That's a quote from the subject line of a post last night on the American Dialect Society's electronic list. In fact, I hereby forgo any direct comments on Safire's On Language this week and instead urge readers to consult the latest ads-l posts on it. Just go to this URL and search for doughnut hole (that also seems to return results for donut hole). Unless you subscribe and get the mailings, there's some lag time on when new posts come up in the archive, but it's worth checking again later too.
What you'll see is how people who actually study words and word histories have approached this little issue, pieced together relevant evidence, and worked out a story about the term and its evolution. Even when Safire's assistant checks the archives (i.e., when he has his helper bring him the work of trained professionals, though he virtually never credits them for their work), he generally botches things massively. But even if he doesn't misunderstand, misinterpret or misrepresent what his assistant has found, he has never once, in my experience, given readers a sense of how these specialists think about their field. Speaking as a linguist who does not work in this area, it is worth seeing how they do it — and it's far more engaging than a smudged twelfth-generation xerox of the process.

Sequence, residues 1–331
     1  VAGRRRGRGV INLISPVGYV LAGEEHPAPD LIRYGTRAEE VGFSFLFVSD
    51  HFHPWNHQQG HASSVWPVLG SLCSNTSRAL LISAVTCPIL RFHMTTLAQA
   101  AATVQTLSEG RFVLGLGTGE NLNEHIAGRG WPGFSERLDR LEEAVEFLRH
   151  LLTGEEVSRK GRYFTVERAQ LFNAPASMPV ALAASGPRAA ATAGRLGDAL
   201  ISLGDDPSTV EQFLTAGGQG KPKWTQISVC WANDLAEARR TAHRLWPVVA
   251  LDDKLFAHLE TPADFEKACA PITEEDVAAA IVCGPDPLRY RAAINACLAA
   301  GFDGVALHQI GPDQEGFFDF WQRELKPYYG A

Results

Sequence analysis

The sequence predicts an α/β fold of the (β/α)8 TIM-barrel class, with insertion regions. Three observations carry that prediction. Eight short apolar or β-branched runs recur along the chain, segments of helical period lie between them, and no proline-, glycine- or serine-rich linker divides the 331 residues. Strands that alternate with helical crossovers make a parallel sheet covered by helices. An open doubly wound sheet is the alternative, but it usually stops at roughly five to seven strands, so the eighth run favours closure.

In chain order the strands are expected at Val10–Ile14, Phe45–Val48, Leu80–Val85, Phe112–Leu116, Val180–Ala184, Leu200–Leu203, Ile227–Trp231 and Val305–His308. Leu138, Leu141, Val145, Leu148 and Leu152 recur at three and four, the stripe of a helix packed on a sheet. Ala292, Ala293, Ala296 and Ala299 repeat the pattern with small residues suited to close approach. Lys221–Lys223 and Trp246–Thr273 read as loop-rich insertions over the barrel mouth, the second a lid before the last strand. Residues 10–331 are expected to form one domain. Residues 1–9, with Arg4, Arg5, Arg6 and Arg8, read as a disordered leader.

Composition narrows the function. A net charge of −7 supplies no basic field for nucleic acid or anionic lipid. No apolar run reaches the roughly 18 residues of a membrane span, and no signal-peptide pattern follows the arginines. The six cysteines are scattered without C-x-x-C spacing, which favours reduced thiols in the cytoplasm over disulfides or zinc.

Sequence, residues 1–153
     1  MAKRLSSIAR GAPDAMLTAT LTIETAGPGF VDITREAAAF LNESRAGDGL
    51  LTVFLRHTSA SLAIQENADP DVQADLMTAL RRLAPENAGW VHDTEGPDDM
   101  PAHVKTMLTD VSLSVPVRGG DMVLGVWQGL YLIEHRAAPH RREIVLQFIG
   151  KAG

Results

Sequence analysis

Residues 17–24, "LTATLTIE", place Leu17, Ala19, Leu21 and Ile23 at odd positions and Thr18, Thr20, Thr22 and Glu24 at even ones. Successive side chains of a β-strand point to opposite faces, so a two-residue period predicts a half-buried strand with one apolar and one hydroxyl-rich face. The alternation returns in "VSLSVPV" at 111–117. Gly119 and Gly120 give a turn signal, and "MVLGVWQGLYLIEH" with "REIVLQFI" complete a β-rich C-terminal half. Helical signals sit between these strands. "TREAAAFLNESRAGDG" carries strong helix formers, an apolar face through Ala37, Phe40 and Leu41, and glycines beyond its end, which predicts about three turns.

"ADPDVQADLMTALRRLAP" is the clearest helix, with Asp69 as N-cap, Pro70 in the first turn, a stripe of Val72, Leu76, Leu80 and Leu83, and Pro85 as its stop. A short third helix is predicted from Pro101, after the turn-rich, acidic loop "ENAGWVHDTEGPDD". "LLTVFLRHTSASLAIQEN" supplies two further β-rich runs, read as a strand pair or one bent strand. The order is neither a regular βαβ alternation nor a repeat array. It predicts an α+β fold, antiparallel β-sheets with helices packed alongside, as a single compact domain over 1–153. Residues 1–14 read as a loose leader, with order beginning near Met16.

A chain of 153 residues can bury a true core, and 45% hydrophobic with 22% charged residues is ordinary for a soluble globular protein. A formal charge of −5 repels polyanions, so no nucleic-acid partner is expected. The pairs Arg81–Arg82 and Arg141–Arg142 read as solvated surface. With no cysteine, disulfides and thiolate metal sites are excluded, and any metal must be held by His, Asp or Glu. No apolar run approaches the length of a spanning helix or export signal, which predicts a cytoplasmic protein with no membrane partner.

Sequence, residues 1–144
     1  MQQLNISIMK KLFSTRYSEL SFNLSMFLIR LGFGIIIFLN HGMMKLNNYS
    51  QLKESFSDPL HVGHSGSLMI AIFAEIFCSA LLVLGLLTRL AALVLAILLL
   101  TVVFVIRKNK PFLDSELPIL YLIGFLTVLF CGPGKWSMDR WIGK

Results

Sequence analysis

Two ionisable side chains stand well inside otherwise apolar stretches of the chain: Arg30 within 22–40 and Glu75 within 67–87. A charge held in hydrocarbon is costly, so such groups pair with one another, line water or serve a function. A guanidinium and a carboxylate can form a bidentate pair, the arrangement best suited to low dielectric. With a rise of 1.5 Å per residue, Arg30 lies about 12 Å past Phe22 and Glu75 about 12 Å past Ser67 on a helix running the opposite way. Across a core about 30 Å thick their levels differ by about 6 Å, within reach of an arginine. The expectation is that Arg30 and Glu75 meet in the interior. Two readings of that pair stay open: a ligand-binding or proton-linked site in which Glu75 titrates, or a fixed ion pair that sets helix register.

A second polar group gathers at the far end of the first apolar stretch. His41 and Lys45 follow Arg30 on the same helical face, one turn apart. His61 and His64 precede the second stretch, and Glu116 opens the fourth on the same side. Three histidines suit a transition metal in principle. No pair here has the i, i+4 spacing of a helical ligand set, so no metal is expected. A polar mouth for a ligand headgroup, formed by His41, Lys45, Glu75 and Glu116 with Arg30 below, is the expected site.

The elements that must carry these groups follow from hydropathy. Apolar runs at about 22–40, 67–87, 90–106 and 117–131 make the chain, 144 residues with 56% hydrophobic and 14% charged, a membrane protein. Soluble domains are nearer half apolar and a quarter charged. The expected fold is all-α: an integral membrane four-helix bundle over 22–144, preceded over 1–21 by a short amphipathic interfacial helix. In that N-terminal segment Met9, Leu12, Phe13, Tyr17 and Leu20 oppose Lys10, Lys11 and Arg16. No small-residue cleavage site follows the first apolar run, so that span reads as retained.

Now, I'm going to kick back with a steaming cup of coffee and enjoy the post-blizzard calm here in Madison, before I have to go out and shovel the stuff.